Gun Control (In Moderation) Is The Only Sensible Path

If you’ve ever lived in the south or a rural area, you might have seen this phrase on a bumper sticker: “Gun Control Means Hitting Your Target”.

It’s an attempt at humor but is also very telling about two different points of view regarding private ownership of firearms in the United States. The liberal view is that guns are so dangerous that only government employees should be allowed to wield them — like the atomic bomb or money. The conservative view is that “gun control” is a thinly veiled euphemism for gun eradication, something that absolutely cannot be allowed to happen.

My Trichotomy

Wil and AR-15, © 2008 by Marline Fry
Being part idealist, part realist, and part Libertarian is difficult for me — as you might imagine — especially with an issue like this.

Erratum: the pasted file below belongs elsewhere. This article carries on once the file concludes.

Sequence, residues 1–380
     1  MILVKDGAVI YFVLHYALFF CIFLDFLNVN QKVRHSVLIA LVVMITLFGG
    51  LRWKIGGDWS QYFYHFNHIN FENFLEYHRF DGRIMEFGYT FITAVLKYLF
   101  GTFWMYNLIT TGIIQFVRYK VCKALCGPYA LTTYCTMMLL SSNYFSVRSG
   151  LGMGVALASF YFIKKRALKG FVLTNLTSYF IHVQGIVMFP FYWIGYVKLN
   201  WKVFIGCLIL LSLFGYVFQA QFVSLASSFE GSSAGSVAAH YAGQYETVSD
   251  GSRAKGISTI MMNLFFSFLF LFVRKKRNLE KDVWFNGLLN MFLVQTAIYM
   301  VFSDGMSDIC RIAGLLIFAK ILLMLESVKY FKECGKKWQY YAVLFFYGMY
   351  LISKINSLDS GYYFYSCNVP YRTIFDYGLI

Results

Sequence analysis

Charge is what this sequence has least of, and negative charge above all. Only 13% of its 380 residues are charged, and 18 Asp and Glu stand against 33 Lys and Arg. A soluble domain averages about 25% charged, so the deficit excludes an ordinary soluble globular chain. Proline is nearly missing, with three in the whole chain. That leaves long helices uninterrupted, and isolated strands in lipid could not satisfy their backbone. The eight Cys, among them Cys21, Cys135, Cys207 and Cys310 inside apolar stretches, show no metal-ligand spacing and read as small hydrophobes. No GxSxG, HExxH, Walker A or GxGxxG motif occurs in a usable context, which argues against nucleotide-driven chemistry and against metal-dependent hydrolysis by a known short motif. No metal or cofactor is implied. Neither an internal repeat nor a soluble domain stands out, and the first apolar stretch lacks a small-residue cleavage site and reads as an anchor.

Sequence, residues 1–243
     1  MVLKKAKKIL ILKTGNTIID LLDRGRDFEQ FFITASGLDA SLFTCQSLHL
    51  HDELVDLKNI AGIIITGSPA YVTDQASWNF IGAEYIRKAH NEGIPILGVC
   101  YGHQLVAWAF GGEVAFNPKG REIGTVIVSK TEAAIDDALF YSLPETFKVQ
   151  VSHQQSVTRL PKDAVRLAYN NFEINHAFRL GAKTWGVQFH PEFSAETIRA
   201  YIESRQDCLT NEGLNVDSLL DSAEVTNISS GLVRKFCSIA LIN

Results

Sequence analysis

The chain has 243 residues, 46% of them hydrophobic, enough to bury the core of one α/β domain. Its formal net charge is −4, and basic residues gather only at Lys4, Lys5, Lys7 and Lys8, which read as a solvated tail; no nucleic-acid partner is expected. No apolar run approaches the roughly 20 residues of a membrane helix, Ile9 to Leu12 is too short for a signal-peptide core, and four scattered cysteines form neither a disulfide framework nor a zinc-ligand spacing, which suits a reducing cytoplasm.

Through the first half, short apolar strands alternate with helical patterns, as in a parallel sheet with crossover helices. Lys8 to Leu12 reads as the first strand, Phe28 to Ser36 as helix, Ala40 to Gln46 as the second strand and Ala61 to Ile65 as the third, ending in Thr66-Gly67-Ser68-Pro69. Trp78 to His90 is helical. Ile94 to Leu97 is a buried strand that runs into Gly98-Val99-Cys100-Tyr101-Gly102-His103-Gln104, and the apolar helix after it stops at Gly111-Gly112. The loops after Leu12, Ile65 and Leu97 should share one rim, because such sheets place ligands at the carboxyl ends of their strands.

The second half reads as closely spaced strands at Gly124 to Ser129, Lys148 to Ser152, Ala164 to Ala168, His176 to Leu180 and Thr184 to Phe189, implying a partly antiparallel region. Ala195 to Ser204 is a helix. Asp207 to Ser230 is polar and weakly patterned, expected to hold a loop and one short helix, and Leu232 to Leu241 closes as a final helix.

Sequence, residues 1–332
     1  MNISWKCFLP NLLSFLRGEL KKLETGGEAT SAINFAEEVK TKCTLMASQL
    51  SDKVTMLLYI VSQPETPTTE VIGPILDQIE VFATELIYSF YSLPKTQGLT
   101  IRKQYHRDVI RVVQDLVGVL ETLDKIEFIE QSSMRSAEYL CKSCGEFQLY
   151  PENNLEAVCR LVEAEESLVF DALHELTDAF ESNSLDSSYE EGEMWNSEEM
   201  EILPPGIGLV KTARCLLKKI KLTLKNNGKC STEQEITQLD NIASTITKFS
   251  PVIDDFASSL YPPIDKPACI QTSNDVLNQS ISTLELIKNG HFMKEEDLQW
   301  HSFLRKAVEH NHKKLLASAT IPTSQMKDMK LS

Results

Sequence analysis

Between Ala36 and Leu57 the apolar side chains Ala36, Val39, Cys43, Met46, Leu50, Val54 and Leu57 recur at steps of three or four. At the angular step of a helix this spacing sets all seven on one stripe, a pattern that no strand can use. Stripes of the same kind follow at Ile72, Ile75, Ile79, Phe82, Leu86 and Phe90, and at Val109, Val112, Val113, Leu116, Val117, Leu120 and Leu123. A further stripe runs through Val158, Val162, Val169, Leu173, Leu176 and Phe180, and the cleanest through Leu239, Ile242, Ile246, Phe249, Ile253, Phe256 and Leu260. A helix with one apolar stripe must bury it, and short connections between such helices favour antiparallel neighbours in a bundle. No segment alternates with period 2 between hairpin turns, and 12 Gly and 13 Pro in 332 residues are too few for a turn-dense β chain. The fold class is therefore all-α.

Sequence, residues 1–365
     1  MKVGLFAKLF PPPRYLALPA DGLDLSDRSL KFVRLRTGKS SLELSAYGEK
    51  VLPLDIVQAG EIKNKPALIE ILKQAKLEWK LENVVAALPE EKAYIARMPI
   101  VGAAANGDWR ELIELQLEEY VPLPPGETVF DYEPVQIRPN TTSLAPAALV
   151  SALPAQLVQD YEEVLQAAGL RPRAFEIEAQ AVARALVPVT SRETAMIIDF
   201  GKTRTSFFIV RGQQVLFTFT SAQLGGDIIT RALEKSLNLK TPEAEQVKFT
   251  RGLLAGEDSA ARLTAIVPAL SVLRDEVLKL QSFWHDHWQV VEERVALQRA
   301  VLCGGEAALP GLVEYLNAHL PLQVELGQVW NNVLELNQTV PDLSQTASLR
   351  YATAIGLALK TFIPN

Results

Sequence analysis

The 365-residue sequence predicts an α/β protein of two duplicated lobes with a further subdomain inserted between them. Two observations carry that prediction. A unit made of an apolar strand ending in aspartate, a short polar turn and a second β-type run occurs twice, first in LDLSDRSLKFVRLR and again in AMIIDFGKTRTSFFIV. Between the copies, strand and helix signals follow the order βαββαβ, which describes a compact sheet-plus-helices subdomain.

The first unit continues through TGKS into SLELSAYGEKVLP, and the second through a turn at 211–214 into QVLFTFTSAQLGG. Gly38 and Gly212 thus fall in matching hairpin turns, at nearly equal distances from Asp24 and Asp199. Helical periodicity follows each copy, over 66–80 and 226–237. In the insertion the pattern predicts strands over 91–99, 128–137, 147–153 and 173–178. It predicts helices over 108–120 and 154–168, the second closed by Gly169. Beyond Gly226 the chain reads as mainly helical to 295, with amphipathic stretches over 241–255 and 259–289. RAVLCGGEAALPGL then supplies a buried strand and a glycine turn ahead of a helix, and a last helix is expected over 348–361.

The Libertarian part of me chafes at any new government restriction on freedom, whether it restricts speech, guns, or the height of balcony railings. That part of me would like the federal government to “…provide for the common defence [sic] … and secure the Blessings of Liberty to ourselves and our Posterity…” (from the Preamble to the U.S. Constitution) and otherwise leave me the hell alone.

People ought to be grown up enough and responsible enough — and kind enough — for there to be no need for such restrictions.